Secondly, this was forseeable. WB knew very well that if Yates was going to go off on another project while Tarzan was in post, somebody like Kim Masters was going to pounce on that fact at the first opportunity — and Pan tanking provided just that opportunity. What should have happened is that WB should have gotten out ahead of this story by seeding its own stories with its own spin on the issue of Yates having double duty at this point. They could have mixed that info into with the release of some stills from the movie, and some other positive information, and taken the teeth out of this kind of negative.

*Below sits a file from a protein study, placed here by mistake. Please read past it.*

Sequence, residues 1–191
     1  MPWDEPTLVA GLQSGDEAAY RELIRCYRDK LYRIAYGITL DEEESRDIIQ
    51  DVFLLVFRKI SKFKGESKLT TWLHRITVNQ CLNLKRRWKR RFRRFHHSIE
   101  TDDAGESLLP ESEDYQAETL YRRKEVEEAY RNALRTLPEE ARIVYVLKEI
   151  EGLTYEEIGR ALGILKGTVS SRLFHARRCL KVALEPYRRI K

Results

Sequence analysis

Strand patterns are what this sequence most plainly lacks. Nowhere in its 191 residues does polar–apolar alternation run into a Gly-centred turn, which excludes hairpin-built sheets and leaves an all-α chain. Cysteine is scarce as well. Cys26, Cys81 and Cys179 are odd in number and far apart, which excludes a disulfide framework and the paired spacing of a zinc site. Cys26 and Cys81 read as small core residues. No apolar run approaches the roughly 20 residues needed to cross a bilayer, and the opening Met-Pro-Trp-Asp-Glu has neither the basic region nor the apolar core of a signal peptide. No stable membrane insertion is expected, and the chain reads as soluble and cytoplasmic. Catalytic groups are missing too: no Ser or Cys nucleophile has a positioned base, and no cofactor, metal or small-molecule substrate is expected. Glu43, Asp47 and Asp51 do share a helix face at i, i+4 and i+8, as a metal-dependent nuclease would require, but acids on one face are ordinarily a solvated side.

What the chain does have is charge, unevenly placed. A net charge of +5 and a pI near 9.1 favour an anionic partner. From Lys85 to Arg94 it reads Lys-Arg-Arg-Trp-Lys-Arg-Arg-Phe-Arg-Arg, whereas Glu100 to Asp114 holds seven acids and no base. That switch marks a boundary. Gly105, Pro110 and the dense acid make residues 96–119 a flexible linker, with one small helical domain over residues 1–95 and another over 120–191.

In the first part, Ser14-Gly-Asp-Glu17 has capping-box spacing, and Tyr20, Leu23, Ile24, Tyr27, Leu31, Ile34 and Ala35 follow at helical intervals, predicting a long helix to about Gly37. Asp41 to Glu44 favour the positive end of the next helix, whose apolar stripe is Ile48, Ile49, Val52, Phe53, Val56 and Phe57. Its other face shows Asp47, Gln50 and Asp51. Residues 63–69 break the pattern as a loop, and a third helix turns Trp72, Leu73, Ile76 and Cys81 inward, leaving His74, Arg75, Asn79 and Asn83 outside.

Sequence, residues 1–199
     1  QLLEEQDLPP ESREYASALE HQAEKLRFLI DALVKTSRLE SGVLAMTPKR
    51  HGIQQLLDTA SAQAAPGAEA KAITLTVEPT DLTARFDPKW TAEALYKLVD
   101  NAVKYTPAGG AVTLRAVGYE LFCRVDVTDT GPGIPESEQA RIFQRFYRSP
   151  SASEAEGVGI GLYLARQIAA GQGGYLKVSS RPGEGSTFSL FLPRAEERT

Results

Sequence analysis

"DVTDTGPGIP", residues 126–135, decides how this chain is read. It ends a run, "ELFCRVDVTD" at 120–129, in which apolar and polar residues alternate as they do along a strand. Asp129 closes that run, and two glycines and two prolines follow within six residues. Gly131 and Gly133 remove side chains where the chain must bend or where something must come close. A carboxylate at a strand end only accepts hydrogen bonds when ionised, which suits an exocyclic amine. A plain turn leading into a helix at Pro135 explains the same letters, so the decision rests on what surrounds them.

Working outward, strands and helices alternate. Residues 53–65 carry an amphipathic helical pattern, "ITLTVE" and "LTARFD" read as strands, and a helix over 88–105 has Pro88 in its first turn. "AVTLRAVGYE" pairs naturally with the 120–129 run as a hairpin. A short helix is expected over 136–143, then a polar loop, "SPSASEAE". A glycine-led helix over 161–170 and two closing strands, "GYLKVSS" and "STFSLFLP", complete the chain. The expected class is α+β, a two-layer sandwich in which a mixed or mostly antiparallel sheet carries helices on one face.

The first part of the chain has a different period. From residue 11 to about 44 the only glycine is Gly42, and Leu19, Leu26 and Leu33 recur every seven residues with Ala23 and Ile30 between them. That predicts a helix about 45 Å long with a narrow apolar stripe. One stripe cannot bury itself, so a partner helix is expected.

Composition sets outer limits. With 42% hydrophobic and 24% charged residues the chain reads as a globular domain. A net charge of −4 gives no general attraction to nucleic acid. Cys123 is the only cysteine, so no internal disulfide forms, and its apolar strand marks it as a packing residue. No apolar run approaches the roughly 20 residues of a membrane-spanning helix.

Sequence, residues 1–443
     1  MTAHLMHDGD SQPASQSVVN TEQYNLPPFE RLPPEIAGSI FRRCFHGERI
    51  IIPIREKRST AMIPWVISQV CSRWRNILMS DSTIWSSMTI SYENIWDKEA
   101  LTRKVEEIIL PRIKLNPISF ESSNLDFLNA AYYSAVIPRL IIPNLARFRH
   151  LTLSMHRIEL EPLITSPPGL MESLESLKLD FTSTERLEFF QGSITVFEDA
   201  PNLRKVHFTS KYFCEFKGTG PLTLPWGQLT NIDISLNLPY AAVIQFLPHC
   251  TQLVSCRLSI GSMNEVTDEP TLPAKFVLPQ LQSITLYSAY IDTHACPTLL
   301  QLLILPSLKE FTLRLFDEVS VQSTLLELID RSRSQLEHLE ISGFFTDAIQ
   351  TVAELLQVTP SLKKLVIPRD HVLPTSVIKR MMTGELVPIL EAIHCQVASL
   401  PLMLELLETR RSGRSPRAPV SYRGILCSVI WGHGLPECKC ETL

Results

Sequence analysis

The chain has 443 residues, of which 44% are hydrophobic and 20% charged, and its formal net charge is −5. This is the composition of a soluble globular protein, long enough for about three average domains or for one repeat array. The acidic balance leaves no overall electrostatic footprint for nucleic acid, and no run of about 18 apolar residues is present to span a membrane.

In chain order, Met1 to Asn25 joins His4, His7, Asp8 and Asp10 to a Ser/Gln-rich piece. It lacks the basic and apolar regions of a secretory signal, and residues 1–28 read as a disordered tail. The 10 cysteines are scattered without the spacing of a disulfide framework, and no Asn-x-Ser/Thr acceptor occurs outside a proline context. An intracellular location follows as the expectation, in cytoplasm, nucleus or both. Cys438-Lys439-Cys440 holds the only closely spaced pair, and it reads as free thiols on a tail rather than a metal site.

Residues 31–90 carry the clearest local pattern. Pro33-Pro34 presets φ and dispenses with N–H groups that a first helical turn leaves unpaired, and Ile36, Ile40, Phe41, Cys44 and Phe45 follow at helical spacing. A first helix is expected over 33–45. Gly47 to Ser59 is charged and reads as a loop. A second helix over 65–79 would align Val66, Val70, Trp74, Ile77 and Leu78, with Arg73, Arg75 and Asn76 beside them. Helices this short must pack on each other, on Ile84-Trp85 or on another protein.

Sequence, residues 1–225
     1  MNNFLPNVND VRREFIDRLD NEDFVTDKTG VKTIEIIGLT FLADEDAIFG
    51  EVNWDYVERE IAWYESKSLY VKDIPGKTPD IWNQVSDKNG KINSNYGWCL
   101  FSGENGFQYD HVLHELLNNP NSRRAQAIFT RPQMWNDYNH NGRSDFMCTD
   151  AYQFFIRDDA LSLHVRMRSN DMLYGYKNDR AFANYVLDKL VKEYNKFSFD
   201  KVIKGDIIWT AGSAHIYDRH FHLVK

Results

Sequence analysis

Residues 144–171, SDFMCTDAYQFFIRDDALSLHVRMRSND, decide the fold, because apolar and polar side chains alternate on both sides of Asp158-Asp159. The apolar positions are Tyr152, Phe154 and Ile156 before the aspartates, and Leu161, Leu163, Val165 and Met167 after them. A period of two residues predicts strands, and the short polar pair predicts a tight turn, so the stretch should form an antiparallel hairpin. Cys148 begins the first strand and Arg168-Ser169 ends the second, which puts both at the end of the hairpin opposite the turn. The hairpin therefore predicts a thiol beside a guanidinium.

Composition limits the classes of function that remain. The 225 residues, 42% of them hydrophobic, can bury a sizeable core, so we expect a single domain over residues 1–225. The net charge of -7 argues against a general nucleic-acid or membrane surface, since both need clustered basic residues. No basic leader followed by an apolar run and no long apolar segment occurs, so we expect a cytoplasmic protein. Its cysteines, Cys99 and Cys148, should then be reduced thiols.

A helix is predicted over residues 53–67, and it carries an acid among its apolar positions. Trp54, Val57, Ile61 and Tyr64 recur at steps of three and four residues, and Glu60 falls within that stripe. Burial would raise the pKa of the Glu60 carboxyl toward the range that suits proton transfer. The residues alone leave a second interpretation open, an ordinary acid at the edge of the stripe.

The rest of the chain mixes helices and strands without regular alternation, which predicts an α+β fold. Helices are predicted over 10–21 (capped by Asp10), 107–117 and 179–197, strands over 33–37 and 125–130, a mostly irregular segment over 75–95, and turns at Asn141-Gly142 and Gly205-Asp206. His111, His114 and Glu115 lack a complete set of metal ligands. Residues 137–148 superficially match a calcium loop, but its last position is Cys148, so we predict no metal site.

Thirdly — no way can the budget be $180M. The movie was originally budgeted at $150M and was then put on hold until they got it down to $120M. It was made with an experienced producer in Weintraub, and an experienced Director in Yates, and there was never any indication that it went over schedule or over budget. So how does it now have a budget of $180M? I’m not saying that cannot be. I’m praying that that cannot be. Of course anythings possible. But being fiscally responsible has been a constant with this project, at least in terms of how it’s been portrayed until now. For the budget to jump to $180m is, if true, the worst aspect tof this whole article because it raises the bar for a sequely by about $120M, and geratly decreases the probability that the film will be successful. Moreover, just by having this number floated out there, the schadenfreude haters are licking their chops and sharpening their knives.